What the outdoor rec industry doesn’t get about the LGBTQ community

Companies can help shift outdoors culture from homophobia toward inclusion while helping their bottom line.

 

“Nature doesn’t care if you’re gay,” I’ll often hear in reaction to articles by myself or my outdoorsy LGBTQ peers. And it’s true. Nature doesn’t care if I’m gay.

But people do.

Two months ago, I finished a world-record journey to all 419 National Park Service sites. For three years nonstop, I lived in a van, hiked trails everywhere from American Samoa to the Arctic Circle, and accomplished an outdoors journey no human had ever done before. But comments about the trip have included things like, “Well now I need to be careful in the bathroom at national parks,” and “Why do you have to shove your lifestyle down our throats!” And a sponsor terminated our partnership halfway through the project, saying over the phone and in writing that I was doing too much LGBTQ outreach.

Mikah Meyer rafts through Dinosaur National Monument as part of his National Park site tour. He has faced mixed reactions for his promotion of LGBTQ visibility and outreach during the trip.
Mikah Meyer

This month, a camping website called The Dyrt posted an interview with me on Facebook featuring a thumbnail photo in which I’m holding a rainbow flag in front of Yosemite’s Tunnel View. The comments were so inflammatory that the publishers decided just hours later it was inappropriate to leave it up. They later denounced the hateful comments and reposted the story with a call for civility — which was unheeded. A rainbow flag incited such anger from a community of nature lovers that they ignored what so many outdoor enthusiasts have told me is their “dream trip.”

And in June of all months, the one month when my social media feels like an explosion of rainbows due to worldwide Pride festivals. When historic anniversaries like the Stonewall uprising and marriage-equality decisions are remembered. And when seemingly every corporation, from Listerine to Disney, is releasing products that celebrate these culture-changing moments.

Yet, as the rest of America chases this “Pink Dollar,” the outdoor recreation industry seems less interested in the near $1 trillion purchasing power of the U.S. LGBTQ community. Or the shift in culture evidenced by the fact that the Los Angeles Dodgers’ 2019 “Pride Night” was their highest attended game in seven years. Or — as I can attest after seeing Tinder photos from every corner of the United States during my parks journey — the vast market of gay men hoping to look cute in athletic clothes on top of a mountain.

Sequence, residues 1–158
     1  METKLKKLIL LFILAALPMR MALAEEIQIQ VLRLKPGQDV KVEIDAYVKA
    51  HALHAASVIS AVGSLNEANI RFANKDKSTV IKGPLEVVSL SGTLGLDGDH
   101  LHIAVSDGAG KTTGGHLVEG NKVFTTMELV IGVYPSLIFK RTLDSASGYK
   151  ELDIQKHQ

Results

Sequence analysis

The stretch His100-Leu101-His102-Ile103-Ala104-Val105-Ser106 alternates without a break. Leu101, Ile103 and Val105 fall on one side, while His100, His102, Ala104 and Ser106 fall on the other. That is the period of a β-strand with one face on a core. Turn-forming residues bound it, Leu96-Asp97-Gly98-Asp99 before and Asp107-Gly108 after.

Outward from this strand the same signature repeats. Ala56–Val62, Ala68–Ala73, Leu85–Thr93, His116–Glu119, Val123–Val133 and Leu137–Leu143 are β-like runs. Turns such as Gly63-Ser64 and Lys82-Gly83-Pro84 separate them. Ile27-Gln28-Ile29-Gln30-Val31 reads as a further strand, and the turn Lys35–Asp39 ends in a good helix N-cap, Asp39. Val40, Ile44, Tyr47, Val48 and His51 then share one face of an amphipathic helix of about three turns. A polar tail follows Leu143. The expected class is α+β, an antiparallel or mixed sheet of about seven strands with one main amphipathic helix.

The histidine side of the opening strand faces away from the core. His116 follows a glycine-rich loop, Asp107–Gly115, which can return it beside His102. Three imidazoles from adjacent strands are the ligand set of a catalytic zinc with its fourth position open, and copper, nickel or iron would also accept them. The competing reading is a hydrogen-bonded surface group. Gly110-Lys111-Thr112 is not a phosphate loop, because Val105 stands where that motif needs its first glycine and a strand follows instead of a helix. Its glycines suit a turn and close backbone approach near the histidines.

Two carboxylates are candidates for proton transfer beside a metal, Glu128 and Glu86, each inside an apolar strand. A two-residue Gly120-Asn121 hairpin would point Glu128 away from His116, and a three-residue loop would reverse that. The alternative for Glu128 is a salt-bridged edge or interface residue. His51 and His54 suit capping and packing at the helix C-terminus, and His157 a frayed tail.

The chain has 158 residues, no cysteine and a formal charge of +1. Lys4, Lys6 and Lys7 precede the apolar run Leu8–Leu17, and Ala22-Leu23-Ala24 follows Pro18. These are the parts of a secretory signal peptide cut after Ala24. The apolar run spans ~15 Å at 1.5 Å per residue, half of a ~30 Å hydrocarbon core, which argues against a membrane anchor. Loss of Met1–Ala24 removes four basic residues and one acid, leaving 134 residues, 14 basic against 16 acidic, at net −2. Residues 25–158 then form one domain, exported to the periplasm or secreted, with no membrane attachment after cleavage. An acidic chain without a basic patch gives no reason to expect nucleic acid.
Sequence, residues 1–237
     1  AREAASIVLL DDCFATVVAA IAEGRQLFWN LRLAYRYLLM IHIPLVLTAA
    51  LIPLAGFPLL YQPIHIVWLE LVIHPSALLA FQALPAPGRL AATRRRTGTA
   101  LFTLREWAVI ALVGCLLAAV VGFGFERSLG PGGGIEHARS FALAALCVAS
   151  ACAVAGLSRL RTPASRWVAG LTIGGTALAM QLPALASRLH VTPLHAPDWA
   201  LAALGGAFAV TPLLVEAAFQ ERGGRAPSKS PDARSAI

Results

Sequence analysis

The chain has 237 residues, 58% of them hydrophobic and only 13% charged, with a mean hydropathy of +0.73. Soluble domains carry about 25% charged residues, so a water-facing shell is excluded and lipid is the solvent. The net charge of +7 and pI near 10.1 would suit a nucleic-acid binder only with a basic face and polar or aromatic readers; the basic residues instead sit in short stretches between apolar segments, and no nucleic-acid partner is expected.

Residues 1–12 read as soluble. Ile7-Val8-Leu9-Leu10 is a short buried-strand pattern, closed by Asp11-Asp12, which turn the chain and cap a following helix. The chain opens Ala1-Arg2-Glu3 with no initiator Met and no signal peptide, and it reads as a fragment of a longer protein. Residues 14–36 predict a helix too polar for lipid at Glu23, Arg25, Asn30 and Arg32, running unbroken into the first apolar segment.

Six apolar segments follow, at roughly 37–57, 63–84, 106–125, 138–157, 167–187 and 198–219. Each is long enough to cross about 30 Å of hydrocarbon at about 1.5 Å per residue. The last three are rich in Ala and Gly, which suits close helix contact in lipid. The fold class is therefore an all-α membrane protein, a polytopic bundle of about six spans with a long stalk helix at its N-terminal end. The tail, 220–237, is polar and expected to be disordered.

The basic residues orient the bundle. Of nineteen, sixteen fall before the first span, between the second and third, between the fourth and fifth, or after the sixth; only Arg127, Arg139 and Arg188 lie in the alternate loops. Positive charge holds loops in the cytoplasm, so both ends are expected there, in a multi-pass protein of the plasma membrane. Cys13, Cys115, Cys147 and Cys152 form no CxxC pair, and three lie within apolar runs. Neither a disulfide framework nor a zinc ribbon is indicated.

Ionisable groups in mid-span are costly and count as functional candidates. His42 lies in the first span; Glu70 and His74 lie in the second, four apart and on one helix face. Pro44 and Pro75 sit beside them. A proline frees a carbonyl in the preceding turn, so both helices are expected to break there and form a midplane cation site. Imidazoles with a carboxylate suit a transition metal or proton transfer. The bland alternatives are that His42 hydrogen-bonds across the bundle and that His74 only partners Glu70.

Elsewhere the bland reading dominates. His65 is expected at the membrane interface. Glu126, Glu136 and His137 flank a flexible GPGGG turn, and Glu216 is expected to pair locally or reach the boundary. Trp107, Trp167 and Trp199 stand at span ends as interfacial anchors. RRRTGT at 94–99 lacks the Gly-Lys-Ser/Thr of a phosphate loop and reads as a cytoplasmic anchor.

Some in the LGBTQ community argue that corporate Pride promotions are simply “rainbow washing” to increase profits. But as someone who didn’t meet an openly gay adult until I left my home state of Nebraska at age 19, and 14 years later can get married in any state across the U.S., I’ve seen the progress our culture has made. And I believe companies had a large part in it.

In an age when corporations are afforded some of the same rights as individuals, financial power plays a significant role in our society, from politics to cultural acceptance. When Marriott, a company started and owned by Mormons, is willing to sponsor Pride festivals and has an entire annual #LoveTravels campaign aimed at making LGBTQ travelers feel welcome, even people in so-called “flyover states” are influenced by ideas more progressive than they might see at home.

In the same way, the outdoor recreation industry has the power to help build a future where LGBTQ outdoors fans are seen the same as everyone else. In that world, other nature enthusiasts’ reactions to a photo of a flag-bearing hiker would be the same whether it was an American flag or a rainbow one. If outdoor companies follow the example of the rest of corporate America, they could use their influence in a way that both helps their bottom line and improves the lives of outdoor lovers.

As civil rights leader Marian Wright Edelman said, “It’s hard to be what you can’t see.” The backing of inclusive values by outdoor brands will help nature enthusiasts like the Eagle Scout who wrote me via Instagram to share that he’d never had an outdoorsy gay role model until learning about my national parks record. Better representation will invite more people to experience our great outdoors.

While LGBTQ discrimination still causes vastly higher rates of suicide attempts among LGBTQ youth than their straight peers, this moment in time gives me hope.

When I started my national parks journey in 2016, the outdoor recreation industry had never had a Pride Month ad. Now, several companies and nonprofits sponsor an annual LGBTQ Outdoor Summit, an outdoors-themed drag queen is commanding attention from brands, and REI (which I work with to help promote LGBTQ inclusion in the outdoors) received the Kenji Award at 2019’s Outdoor Retailer tradeshow in part for their “Outside with Pride” apparel.

As the promotions and inclusion work of the past three years expand the tent of who sees themselves in outdoors culture, we come one step closer to a goal: A hope that one day, the readers of an article about a gay man visiting all of America’s national parks won’t care about the sexual orientation of the adventurer. After all, if nature doesn’t care that I’m gay, why do people?

Adventurer Mikah Meyer was recently named one of NBC’s “Pride 50” for groundbreaking work with LGBTQ communities. He is a regular speaker on topics ranging from epic outdoors experiences to the benefits of inclusion for businesses and individuals. He is based in Minneapolis.

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